The inspiration for Slimbach’s design came from late Renaissance period classic typefaces in the old serif style. The Renaissance period was noted for its elegant and attractive typefaces that were also highly readable. The name Minion is derived from the traditional classification and naming of typeface sizes, minion being a size in between brevier and nonpareil. It approximates to a modern 7 point lettering size.
The Minion design’s lowercase characters use old-style glyphs in keeping with its Baroque typeface roots. These are most noticeable on the lowercase “g” and “q”. Subtle, but important, details allow the upper and lower case to match well and sit comfortably next to each other. The letter “z” in both cases has the tell-tale heavy dropped serif and matching line thicknesses. The strokes of the upper and lower case “y”, with its italicized narrowing of the secondary stroke, reinforce the strength of the primary stroke. Interestingly, the “Z” character has a thick stroke in perpendicularity to the “Y”, and though it may look a little odd on close examination, within a body of text it enhances readability by providing good differentiation between adjacent letters.
The overall appearance of the Minion design is very much related to the appearance of mass-produced publications of late Renaissance but there is an added touch of classic typography design not possible with older, inaccurate print machinery. This new take on those old styles has produced a crisper outline. The Minion typeface family has been expertly crafted to retain great readability by producing a print clarity that even the best of the Renaissance typographers could not manage.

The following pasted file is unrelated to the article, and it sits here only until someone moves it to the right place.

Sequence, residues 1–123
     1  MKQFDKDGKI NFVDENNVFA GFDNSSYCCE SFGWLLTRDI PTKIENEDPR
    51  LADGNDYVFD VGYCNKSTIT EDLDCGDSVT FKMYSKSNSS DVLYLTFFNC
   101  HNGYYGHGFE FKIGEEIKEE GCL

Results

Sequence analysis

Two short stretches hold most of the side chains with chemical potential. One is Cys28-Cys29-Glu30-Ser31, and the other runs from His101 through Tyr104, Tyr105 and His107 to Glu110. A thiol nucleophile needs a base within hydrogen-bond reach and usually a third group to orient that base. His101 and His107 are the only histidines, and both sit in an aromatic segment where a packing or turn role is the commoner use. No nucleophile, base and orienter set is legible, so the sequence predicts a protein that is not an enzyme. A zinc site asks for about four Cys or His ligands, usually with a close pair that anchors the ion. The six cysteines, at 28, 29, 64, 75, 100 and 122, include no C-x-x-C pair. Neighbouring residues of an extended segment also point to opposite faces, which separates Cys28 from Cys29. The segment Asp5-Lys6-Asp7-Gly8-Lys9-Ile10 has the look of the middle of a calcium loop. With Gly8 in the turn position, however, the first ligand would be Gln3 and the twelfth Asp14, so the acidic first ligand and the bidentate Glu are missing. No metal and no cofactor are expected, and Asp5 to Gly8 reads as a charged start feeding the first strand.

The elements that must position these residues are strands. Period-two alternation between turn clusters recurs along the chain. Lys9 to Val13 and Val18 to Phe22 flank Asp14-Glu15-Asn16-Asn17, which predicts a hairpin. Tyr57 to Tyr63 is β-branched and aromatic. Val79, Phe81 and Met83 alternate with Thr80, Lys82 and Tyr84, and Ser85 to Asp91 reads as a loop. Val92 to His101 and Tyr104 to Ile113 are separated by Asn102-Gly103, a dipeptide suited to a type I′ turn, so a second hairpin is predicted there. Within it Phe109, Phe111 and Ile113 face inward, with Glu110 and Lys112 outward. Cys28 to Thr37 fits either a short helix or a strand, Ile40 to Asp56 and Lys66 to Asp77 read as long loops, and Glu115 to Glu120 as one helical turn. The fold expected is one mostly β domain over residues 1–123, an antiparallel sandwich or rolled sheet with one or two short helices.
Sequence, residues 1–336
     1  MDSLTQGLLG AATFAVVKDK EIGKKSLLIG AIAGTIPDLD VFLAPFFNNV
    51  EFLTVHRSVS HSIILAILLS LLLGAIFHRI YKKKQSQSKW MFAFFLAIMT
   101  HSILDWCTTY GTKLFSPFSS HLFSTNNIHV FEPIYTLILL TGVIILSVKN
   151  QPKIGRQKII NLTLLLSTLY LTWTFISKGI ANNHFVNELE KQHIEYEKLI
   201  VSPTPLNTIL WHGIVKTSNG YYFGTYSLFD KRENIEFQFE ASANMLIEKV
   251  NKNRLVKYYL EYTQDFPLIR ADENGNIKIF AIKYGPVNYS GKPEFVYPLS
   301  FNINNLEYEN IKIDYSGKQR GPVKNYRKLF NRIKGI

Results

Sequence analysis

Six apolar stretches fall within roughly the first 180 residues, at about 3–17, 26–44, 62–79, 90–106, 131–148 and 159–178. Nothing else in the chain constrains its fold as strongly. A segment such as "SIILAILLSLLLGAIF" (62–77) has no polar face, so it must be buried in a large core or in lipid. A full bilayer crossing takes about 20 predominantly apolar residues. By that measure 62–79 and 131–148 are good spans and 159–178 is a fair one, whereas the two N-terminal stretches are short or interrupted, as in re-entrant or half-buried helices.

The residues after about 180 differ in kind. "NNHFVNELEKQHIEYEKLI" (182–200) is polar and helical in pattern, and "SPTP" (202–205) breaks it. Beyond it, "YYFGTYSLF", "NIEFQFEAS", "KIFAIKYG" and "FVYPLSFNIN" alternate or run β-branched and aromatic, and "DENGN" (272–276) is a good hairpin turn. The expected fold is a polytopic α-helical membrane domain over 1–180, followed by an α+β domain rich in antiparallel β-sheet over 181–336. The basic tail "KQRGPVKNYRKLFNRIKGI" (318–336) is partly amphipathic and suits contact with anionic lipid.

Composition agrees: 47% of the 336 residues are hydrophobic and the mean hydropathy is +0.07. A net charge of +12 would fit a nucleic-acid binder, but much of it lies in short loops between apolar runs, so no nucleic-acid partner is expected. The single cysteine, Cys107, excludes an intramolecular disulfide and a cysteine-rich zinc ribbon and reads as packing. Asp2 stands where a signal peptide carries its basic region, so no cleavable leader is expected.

The popularity of this font is demonstrated by the sheer number of versions that exist. Adobe has created over one hundred and forty-three variations, ranging from basic styles to extended sweeping serif styles and even a set of ornamental characters that match the Minion design characteristics. In keeping with the spirit of healthy competition, many renowned type foundries have produced some version of the Minion family at some point in the last 30 years.
The original Minion designs by Slimbach were updated with Cyrillic editions in 1992 and OpenType® versions released in 2000.
The Minion design is an ideal typeface to use where high levels of legibility are required. This aspect makes it an ideal font for newspapers who are trying to get as much copy onto every square inch of paper they can. Its clarity helps readability for both young and old.
The Minion font family excels in instances where instructions have to be followed precisely – critical applications where words cannot be misinterpreted. An operator manual for air traffic control might be a good example. Packaging and newsletters are another potential application for the Minion typefaces. For anyone publishing mathematical formulaic content, adding the Minion math set can makes the Minion design immensely useful.
Several universities use Minion as their primary typeface in title and body text, including Wake Forest, Brown, Purdue and Trinity College Dublin. Wolfram Research’s Mathematica software logo uses this typeface and John Benjamin’s Publishing Company uses Minion in the body text of its books.